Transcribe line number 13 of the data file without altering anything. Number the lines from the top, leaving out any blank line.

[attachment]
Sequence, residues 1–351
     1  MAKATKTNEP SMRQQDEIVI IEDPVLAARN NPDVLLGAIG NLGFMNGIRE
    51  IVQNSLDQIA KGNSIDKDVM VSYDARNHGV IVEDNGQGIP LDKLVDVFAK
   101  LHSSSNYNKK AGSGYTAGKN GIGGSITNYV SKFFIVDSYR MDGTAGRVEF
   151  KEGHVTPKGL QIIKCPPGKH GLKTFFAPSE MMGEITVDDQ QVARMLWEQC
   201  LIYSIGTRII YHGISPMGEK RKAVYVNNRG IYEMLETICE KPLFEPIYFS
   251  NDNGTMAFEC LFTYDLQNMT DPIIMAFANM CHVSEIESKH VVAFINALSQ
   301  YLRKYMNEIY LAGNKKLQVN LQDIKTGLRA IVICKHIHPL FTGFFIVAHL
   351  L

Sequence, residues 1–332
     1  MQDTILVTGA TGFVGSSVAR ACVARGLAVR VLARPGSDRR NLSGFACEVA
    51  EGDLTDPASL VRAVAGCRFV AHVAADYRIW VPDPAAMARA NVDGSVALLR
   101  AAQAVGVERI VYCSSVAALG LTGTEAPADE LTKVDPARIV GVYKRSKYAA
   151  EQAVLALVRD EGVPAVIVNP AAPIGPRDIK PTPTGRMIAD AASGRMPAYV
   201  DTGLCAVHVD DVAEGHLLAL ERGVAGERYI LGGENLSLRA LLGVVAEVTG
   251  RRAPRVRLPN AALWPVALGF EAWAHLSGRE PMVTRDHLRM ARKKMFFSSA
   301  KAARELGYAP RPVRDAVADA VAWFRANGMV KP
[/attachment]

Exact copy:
   101  AAQAVGVERI VYCSSVAALG LTGTEAPADE LTKVDPARIV GVYKRSKYAA